Bakar (Italian: Buccari, Hungarian: Szádrév) is a town in the Primorje-Gorski Kotar County in western Croatia. The population of the town was 8,279 according to the 2011 Croatian census, including 1,473 in the titular settlement. Ninety percent of the population declared themselves Croats by ethnicity. The largest ethnic minority are the Serbs with 2.91% of the population. The old part of Bakar is situated on a hill overlooking the Bay of Bakar. "Bakar" is the Croatian word for copper.
Town of Bakar
|County||Primorje-Gorski Kotar County|
|Free city||May 13, 1798|
|Royal Borough||April 23, 1799|
|• Mayor||Tomislav Klarić (HDZ)|
|• City Council|
|Time zone||UTC+1 (CET)|
|• Summer (DST)||UTC+2 (CEST)|
Bakar is a port for bulk cargo and used to be known for its industrial complex that included a coke factory, which produced a considerable amount of pollution. Bakar's coke factory was closed in 1995 and the area's pollution has subsided significantly.
|Population of settlements in Bakar, 2011:|
Coat of armsEdit
Bakar was granted its coat of arms and town privileges in 1799 by Empress Maria Theresa. The coat of arms was in the artistic style typical for the period, with a cartouche with large landscapes and ornamentation around the shield within a circular inscription.
The shield of the coat of arms features a red-and-white checkered top or "chief", with three local gray stone castles on green hills in the middle, and a black anchor on orange at the bottom.
- Turkish house: built by an unknown architect, possibly in the 14th century, this peculiar building resembles Ottoman architecture. Following 1965 reconstruction the house served as an artistic atelier.
- Roman house: former monastery, built in the 18th century
- Parish church of St. Andrew the Apostle: originally built in the 12th century and destroyed in 1323 by earthquake. In the Middle Ages its catacombs were used for wealthy people to hide from plague that passed the city. It is the third largest late Baroque church in Croatia.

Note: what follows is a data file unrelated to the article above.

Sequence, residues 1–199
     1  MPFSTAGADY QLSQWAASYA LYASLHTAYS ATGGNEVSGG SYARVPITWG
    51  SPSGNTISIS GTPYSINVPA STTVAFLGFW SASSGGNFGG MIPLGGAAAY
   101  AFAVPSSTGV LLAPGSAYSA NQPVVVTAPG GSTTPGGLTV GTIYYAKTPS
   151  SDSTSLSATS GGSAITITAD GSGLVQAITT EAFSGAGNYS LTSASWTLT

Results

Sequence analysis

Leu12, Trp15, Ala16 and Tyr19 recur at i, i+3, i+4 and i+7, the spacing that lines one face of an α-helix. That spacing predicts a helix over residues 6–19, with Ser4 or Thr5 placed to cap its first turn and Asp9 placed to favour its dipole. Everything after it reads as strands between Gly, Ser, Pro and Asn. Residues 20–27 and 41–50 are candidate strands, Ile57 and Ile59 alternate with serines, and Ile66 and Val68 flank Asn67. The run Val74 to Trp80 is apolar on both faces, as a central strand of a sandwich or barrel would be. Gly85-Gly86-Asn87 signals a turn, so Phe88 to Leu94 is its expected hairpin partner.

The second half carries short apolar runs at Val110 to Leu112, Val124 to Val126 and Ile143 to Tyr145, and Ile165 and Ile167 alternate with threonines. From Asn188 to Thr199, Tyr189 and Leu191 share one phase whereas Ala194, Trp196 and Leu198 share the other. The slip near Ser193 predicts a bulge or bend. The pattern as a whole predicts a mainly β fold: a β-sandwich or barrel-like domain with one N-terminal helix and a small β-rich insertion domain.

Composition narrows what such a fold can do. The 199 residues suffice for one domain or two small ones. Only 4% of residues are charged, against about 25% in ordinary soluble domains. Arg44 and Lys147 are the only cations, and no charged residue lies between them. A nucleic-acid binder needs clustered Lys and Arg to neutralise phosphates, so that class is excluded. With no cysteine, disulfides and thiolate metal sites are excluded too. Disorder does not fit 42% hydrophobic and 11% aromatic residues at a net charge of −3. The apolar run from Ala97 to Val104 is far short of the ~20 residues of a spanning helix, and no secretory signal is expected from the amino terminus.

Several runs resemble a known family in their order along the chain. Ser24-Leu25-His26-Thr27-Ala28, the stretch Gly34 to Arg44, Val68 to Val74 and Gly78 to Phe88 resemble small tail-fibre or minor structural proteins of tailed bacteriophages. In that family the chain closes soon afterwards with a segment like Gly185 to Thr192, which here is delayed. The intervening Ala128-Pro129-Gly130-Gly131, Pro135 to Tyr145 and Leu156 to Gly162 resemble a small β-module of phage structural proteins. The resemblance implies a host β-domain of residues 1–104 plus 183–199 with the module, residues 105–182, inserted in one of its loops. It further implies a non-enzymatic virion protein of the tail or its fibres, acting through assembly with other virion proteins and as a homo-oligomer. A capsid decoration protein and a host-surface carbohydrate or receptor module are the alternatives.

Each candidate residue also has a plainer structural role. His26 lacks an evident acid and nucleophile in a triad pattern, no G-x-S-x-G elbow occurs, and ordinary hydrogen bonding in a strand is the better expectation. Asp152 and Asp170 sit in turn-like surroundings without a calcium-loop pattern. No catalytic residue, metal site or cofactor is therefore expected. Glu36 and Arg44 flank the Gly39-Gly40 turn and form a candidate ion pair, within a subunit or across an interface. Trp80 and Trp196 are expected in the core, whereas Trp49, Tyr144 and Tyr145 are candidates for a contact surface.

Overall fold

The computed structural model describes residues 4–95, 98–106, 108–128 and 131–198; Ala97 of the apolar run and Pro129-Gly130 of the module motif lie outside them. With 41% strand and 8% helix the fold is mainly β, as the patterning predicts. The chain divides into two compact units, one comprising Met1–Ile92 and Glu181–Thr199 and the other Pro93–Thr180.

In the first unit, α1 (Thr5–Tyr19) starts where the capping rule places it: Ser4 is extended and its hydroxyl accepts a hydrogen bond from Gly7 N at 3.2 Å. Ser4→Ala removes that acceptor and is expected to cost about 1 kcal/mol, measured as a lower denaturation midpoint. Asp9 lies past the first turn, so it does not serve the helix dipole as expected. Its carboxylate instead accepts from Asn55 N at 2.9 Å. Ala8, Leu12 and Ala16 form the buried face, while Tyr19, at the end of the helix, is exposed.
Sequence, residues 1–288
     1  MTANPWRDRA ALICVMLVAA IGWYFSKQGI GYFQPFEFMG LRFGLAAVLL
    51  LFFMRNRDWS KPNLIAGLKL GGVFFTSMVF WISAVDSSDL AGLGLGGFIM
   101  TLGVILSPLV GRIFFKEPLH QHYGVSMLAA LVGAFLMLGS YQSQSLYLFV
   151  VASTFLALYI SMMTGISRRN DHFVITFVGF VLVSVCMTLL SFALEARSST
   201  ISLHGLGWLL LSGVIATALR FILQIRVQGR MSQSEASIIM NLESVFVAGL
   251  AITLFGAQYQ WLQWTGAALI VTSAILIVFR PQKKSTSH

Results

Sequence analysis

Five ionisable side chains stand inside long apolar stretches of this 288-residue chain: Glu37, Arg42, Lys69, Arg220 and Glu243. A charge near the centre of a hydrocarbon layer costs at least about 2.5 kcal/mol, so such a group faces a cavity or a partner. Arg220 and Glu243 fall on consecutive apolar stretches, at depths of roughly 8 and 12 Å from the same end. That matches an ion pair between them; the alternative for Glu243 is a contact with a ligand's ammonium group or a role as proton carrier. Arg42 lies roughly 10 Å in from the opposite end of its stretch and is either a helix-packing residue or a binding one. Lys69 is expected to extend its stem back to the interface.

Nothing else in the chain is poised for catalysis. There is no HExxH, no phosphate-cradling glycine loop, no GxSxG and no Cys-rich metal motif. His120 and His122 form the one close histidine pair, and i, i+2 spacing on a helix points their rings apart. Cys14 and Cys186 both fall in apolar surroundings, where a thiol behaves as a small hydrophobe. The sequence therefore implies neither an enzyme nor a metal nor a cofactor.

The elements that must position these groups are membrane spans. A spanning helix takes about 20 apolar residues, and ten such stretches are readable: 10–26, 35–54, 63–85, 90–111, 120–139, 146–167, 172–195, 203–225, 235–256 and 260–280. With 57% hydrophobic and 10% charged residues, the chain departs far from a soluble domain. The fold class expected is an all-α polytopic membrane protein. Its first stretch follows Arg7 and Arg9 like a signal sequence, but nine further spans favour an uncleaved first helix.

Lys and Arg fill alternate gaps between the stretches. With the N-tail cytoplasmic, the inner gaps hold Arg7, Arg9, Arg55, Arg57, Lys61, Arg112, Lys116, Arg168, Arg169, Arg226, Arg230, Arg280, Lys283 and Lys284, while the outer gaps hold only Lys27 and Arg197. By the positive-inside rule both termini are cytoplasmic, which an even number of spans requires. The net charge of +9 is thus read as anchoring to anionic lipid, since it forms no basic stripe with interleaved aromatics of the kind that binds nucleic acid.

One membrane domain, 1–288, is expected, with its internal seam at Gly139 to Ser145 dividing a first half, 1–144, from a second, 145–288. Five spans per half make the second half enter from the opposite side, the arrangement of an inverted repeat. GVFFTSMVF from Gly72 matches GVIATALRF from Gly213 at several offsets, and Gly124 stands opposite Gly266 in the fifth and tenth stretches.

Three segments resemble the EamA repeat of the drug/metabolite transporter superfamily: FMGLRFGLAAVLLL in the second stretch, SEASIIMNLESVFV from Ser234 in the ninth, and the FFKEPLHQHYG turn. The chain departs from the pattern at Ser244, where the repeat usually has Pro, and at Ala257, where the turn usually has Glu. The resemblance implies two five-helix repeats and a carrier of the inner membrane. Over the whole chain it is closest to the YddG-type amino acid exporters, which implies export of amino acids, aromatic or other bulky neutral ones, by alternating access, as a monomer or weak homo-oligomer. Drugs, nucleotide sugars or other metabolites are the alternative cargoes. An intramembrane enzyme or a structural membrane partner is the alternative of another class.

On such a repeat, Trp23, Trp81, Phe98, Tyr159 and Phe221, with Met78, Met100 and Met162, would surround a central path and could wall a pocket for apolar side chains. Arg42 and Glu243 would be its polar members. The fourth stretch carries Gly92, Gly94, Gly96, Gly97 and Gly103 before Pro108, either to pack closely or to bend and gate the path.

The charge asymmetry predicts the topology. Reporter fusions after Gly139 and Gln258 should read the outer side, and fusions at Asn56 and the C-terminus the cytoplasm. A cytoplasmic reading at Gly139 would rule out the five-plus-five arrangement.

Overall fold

- Kaštel (Castel): A castle built in the 16th century by the order of Emperor Ferdinand I and used as a protection against the Turks. It has three kitchens, two dungeons, little chapel of St. Michael, and many other rooms.
World War IEdit
In February 1918 during WW I Gabriele D'Annunzio and Costanzo Ciano took part in a daring, if militarily irrelevant, naval raid on the harbour of Bakar (known in Italy as La beffa di Buccari, lit. "The Bakar Mockery"), helping to raise the spirits of the Italian public.
After WWI, from the end of 1920, Bakar was one of the major points of entry of thousands of Russian refugees, arriving in the Kingdom of SHS following the end of the Russian Civil War in the European part of the former Russian Empire, mostly from Crimea, after the final defeat of White armies under general Wrangel there in November 1920.
World War IIEdit
- "Objava konačnih rezultata" (in Croatian). Retrieved 30 May 2017.[permanent dead link]
- "Popis stanovništva 2011" (in Croatian). Retrieved 30 May 2017.
- "Population by Age and Sex, by Settlements, 2011 Census: Bakar". Census of Population, Households and Dwellings 2011. Zagreb: Croatian Bureau of Statistics. December 2012.
- Ivanka Zamida: a survivor's testimonial, from 2013 exhibition "The Last Witnesses", National Museum for Contemporary History, Ljubljana
- Bakar concentration camp, Online Research project
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